DATE POSTED 06. 01. 2011, By

If You Are Receiving Disability Payments, Look (at Your Policy) Before You Leap (Employers)

Many people in Chicago who are covered by a group long-term disability plan at work, and who receive disability payments at some point feel well enough to return to work, either part-time or find themselves only able to perform a job that pays significantly less than their former position. Most long-term disability plans provide that after qualifying for disability benefits, the employee will continue to receive benefits until the employee earns a certain percentage of pre-disability earnings or until the employee is no longer disabled.

It is possible, and happens not infrequently, that an employee is still disabled under the plan, but can return to work either part-time, or in a capacity that earns less money. But what happens if you just do not want to work at that employer any more, but still need partial disability payments because you cannot earn your pre-disability income because of the disability? According to one UNUM Life Insurance Company of America policy written, the employee loses all benefits.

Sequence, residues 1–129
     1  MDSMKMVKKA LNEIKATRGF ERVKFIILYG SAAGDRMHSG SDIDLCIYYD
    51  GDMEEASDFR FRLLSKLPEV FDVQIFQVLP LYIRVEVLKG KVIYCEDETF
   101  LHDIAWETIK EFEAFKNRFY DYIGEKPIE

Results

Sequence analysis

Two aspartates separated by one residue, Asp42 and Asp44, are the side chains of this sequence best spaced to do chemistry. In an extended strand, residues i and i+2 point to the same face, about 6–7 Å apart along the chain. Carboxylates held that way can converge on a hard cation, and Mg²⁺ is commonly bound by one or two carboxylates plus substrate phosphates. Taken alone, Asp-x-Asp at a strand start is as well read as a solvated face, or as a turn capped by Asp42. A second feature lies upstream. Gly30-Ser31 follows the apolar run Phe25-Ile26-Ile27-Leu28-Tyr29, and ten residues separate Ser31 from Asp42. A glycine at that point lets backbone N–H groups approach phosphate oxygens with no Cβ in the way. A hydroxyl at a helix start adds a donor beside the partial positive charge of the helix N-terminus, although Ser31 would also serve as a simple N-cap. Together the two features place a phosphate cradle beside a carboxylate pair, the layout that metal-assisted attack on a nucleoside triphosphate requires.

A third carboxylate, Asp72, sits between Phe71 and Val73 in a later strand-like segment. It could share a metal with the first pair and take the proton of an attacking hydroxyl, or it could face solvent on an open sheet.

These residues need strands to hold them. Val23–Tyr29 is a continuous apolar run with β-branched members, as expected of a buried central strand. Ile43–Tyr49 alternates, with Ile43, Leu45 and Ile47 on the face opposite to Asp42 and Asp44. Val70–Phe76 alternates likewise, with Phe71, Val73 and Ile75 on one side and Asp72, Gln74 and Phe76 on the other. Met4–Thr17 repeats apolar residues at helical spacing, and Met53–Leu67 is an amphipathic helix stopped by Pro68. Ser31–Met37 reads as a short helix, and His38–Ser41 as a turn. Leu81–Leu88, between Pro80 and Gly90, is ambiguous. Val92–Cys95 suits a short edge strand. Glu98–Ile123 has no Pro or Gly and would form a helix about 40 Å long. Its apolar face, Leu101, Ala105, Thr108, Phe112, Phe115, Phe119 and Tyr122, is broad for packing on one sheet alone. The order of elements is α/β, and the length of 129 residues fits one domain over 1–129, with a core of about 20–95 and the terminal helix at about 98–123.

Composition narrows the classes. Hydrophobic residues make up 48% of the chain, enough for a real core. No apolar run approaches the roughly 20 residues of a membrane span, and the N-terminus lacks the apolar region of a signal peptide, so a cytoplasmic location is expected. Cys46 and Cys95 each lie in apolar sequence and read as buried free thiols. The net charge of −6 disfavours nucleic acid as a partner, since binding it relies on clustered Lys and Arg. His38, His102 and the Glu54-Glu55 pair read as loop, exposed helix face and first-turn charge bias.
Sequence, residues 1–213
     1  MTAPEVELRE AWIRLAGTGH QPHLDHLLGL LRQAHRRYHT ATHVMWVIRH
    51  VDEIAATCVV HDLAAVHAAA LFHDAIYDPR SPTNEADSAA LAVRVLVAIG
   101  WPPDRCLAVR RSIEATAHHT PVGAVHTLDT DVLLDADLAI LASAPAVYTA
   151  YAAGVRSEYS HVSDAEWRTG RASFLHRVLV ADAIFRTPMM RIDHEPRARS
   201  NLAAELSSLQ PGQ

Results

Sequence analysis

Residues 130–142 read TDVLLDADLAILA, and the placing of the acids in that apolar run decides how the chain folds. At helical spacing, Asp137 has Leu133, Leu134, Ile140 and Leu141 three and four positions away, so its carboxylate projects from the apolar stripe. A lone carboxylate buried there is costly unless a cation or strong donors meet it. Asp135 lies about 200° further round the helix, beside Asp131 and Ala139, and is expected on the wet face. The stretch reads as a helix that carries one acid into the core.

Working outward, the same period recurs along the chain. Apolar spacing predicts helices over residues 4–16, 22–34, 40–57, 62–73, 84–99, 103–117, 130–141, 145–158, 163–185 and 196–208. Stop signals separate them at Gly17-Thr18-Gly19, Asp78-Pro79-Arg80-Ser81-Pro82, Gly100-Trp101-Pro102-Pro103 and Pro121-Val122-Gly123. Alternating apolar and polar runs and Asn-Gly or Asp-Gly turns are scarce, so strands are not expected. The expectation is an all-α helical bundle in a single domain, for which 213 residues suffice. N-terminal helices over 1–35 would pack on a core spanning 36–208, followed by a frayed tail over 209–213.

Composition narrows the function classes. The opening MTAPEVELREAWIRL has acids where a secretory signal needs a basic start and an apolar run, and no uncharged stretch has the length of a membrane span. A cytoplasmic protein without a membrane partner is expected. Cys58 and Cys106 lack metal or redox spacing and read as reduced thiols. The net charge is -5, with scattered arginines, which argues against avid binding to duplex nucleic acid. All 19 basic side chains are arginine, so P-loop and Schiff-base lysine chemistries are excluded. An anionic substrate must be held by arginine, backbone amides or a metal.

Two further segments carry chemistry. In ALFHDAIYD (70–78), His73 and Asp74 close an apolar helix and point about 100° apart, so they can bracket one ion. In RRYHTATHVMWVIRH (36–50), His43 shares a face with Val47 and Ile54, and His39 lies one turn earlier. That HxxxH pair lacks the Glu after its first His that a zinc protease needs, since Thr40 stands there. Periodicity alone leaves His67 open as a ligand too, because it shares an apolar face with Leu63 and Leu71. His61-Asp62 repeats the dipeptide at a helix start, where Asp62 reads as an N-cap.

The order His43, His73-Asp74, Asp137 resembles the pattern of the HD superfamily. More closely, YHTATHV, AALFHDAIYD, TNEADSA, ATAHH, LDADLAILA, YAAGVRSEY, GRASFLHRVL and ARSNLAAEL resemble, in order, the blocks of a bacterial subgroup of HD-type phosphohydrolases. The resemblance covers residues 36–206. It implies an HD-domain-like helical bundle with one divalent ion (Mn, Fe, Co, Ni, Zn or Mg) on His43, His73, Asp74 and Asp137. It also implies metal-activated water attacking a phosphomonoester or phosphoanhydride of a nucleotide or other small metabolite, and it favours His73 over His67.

In Fier v. UNUM Life Insurance Co. of America, 2011 U.S. App. LEXIS 292 (9th Cir. Jan. 4, 2011), the United States Court of Appeals for the Ninth Circuit held that according to the terms of the disability insurance plan, once Robert Fier left the employment of the Boyd Group (the employer that purchased the group long-term disability insurance plan from UNUM), he was no longer entitled to any benefits under the plan. Id. at *6.

Although there were other reasons under the terms of the plan Mr. Fier was no longer eligible for benefits, Chicago area employees who receive disability payments should look at the disability plan before deciding to change employers. All insurance plans may have different language, depending on the insurer and the terms your employer has negotiated. If your employer has a self-funded disability plan, there is yet one more variable to factor in. Before you make any decisions that may alter your right to receive benefits, talk to an experienced ERISA lawyer.

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